Hedge funds and other money managers are moving more money out of the market amid short-term problems.

A meltdown in emerging markets and some commodities strategies, combined with lower tolerance for risk and rising yields on money market funds, has led hedge funds to put more money in cash.

The so-called hedgies are not alone, as fund managers across the board are allocating more to cash. Roughly 29 percent of fund managers surveyed by Merrill Lynch reported being overweight cash, the highest-ever reading the firm's monthly fund manager survey has ever recorded.

Cash holdings climbed to 4.5 percent, up from 4.1 percent in May, according to the survey.

In light of the market turmoil, it's no surprise to see a sharp rise in cash levels, wrote David Bowers, global equity strategist at Merrill Lynch, in the survey. Risk appetite dropped sharply while investment time horizon shortened considerably.

Indeed, world equity markets fell 9 percent from mid-May through the first week of June, while emerging market equities plunged 20 percent, causing fund managers to turn defensive and put more money in cash, the survey found.

Zak Green, head of institutional sales at cash management firm The Reserve, said the number of hedge funds who have enlisted his firm's services increased more than 100 percent from the first quarter to the second - from roughly $300 million in the first quarter to upwards of $800 million in the second quarter. Hedge funds make up about 15 percent of the firm's institutional balances.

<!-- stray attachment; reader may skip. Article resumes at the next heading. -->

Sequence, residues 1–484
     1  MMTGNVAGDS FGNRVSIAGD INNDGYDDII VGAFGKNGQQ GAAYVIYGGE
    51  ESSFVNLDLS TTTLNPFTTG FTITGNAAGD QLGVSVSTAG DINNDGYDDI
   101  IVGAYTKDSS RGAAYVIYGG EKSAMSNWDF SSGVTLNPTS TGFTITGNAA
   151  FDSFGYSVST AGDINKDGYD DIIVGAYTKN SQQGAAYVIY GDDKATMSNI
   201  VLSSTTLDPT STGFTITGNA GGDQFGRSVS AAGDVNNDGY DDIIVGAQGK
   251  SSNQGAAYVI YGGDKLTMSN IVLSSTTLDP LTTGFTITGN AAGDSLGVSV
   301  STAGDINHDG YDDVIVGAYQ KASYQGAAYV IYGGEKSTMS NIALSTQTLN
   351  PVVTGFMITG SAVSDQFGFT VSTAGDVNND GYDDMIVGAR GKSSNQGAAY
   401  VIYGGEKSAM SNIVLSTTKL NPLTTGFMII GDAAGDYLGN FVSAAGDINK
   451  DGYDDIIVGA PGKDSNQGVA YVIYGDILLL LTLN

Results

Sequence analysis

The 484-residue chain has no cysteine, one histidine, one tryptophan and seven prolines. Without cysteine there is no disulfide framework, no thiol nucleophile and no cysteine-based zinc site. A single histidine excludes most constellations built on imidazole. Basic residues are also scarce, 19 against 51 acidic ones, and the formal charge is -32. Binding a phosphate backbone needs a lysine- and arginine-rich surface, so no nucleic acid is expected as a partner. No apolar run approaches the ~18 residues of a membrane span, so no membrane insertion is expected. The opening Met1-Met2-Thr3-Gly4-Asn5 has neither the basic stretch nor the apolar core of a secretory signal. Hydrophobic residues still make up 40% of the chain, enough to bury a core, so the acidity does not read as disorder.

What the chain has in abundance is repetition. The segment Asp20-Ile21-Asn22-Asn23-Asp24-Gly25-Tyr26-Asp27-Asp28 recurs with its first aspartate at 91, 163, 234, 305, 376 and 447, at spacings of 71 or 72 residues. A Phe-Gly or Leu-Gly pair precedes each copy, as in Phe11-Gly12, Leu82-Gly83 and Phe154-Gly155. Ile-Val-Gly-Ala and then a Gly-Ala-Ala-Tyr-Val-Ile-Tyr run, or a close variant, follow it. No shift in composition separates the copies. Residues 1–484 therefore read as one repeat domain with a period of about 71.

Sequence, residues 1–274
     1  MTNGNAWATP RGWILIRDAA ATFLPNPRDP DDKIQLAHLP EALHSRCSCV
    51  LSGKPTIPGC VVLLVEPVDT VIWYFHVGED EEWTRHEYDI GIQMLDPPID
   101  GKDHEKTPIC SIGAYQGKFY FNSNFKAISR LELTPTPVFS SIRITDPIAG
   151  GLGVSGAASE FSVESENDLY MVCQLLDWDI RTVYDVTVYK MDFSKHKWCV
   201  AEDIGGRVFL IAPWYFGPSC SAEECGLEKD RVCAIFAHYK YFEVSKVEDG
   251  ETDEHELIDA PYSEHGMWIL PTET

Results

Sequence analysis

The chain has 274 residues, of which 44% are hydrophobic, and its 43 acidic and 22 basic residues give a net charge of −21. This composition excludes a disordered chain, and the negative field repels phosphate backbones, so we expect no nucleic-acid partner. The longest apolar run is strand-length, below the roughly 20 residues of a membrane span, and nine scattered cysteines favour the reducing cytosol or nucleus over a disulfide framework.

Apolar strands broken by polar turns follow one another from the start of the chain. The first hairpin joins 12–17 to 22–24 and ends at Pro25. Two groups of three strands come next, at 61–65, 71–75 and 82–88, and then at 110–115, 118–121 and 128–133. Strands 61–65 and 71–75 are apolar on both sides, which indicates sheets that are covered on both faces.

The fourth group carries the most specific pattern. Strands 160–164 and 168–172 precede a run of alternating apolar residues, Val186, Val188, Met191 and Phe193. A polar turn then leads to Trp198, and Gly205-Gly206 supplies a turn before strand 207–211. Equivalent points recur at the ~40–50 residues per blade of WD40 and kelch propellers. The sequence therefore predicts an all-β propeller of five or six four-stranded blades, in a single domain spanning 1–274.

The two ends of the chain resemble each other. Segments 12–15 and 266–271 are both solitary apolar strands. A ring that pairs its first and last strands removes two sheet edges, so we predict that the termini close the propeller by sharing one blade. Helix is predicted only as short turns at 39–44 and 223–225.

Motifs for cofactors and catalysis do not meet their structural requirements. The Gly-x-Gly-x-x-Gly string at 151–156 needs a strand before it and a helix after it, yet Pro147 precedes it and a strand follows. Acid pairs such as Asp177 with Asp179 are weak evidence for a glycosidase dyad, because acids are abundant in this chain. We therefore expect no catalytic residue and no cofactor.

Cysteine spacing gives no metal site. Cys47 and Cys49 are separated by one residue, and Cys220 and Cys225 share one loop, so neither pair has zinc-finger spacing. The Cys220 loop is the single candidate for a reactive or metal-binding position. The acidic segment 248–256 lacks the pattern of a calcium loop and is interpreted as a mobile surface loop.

Green said that the inflows from hedge funds are coming from both new clients as well as existing hedge fund clients who are increasing their cash balances. While his firm has seen increased flows from many different hedge fund strategies, the strategies that have suffered of late comprise a good chunk of that new money.

A lot of the flows are strategy-specific, from commodity trading advisors (CTAs) and macro funds, said Green. Global macro hedge funds invest in currencies and other instruments in markets around the world.

Like CTAs, macro funds as well as emerging markets hedge funds struggled with melting markets in May. Macro funds posted an average loss of 0.68 percent in May, according to Chicago-area hedge fund tracker Hedge Fund Research. Emerging markets funds posted losses of nearly 4 percent, according to the HFRI Monthly Index. CTAs fell 2.7 percent in May, according to the Credit Suisse/Tremont Hedge Fund Index.

With money market funds returning approximately 5 percent, moving to liquid cash instruments makes sense for the short term, said Green.

With that cash on the sidelines, (managers) want to maximize it until opportunities open up to put cash to work in their strategy, said Green. They want to find the best, most efficient way to keep powder dry until the economic climate is opportune for them to engage in their strategies.

The retreat to cash may well be short lived if inflation concerns recede, according to Merrill Lynch's Bowers, who noted that funds appear to have ample liquidity that could be put to work quickly if that happened.

Equities are still widely seen as fair and/or undervalued, wrote Bowers, adding that a majority of managers surveyed do not think the equity markets will be lower in six months than they are now.